Prevention: Indoor flea treatments aren’t necessary if you are sure you don’t have a problem with fleas. It’s just a waste of time and resources to treat your carpet for fleas if there aren’t any present. As the old saying goes, “If it’s not broken, don’t fix it.”

Preventative flea treatments for your pet, on the other hand, are absolutely essential. Talk to your vet about which treatment is best for you.

Treatment: Professional companies will ask you not to use your own chemicals during their treatment programs because the professional product and the OTC chemical could interfere with each other and cause problems.

If you choose to use OTC indoor treatments for fleas, consider one that includes pyrethrins and pyrethroids as the active ingredients, which are developed from chrysanthemum flower extract. Insect Growth Regulators (IGRs) aren’t a pesticide but act like insect hormones that will prevent juveniles from growing and stop adult fleas from reproducing. Ingredients like methoprene and pyriproxyfen are sometimes additional active ingredients to offer an extra measure of control.

Always make sure the product is registered with the EPA. The EPA registration number is usually on the label near the list of active ingredients. Some labels may include a CAS number as well. You can always look up an EPA registration number on the EPA website. The professionals should be able to provide their list of products they use upon request.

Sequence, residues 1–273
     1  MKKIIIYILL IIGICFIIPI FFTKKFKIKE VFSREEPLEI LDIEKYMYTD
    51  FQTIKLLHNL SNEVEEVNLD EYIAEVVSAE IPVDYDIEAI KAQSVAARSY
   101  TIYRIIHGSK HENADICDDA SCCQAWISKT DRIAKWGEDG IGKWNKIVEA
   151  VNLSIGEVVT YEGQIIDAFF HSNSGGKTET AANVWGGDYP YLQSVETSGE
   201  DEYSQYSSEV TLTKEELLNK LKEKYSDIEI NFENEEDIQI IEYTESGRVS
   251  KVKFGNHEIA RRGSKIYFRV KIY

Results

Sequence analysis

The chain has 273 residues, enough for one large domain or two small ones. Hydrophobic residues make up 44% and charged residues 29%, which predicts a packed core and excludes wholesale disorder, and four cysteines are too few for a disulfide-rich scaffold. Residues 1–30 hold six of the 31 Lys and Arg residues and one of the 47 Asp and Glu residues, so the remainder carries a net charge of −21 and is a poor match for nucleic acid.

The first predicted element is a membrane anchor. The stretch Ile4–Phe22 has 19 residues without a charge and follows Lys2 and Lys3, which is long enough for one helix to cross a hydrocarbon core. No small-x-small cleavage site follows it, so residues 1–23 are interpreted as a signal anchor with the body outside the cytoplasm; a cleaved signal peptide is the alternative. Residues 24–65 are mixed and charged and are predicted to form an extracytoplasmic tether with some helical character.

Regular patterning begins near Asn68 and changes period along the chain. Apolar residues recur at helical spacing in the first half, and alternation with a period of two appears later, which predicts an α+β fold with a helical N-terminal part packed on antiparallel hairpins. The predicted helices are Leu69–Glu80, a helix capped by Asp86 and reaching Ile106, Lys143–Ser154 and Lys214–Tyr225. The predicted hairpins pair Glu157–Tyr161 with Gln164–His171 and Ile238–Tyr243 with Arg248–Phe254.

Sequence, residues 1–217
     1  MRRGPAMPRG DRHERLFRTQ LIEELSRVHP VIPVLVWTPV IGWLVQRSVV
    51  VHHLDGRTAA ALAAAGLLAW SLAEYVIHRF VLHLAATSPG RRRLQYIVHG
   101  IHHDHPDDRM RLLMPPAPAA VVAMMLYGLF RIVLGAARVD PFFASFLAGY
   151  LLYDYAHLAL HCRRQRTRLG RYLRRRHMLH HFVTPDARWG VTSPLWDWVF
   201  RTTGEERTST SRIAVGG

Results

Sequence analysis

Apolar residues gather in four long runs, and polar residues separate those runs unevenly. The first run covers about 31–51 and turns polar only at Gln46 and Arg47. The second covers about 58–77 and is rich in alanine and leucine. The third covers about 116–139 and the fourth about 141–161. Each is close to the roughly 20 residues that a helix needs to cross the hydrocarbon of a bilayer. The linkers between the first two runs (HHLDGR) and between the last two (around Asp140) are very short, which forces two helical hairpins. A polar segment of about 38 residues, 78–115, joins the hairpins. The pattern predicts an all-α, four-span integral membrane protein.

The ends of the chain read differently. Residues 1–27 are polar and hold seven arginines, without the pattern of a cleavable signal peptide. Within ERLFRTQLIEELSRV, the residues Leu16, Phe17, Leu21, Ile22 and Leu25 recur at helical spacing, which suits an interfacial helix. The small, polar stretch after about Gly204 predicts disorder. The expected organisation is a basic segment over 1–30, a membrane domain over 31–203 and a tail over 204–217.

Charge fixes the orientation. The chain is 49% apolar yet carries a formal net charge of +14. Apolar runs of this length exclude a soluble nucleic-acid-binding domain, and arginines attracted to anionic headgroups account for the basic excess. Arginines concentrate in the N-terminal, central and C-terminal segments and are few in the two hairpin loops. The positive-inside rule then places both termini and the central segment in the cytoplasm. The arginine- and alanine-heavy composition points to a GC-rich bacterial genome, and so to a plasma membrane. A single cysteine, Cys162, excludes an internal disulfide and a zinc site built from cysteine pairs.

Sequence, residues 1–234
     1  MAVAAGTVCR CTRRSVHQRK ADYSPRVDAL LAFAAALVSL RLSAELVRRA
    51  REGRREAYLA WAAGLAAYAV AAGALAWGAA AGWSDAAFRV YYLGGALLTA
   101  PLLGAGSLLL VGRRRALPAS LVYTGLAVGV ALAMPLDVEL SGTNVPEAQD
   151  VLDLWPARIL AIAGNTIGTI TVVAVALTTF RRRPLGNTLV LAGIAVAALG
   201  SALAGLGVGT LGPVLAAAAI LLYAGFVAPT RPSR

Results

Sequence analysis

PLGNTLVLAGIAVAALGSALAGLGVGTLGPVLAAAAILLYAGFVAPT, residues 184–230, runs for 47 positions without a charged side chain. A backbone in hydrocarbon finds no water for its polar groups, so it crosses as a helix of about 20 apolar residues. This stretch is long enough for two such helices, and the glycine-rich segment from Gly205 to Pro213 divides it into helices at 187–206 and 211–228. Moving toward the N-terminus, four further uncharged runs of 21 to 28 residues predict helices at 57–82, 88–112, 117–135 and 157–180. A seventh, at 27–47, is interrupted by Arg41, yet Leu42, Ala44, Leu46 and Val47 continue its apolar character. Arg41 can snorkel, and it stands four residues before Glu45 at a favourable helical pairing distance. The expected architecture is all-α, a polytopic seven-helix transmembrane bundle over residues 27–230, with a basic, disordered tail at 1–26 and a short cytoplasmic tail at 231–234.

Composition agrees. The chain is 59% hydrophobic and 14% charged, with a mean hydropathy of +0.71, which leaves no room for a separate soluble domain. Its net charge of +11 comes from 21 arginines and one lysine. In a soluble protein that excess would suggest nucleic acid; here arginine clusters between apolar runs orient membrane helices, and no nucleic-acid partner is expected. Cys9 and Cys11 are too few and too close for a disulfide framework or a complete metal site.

Diatomaceous Earth

Food-grade diatomaceous earth (DE) is an organic, flour-like powder that is effective against insects like fleas. Although it is very safe for children and pets, it can be harmful to the lungs if inhaled. Very light amounts are all that is necessary. Sprinkle a light amount under furniture, along baseboards, in your pet’s bed, beneath cushions, and along cracks and crevices in wooden floors.

Flea Professionals

If you follow these directions and the fleas keep coming back, it’s time to get to know the professionals. Look into the company thoroughly to make sure you share the same core values, and that they know how to deal with fleas.

You’ll know that when you call Fox, we’ve got your infestation in hand. Our Pest Pros will walk you through the process and make sure that you receive excellent service.

You can sleep with confidence because all our EPA-approved products are working so that you can focus on what matters most.

Fox Pest Control. No Bugs. Simply Better.

Posted on July 30, 2020.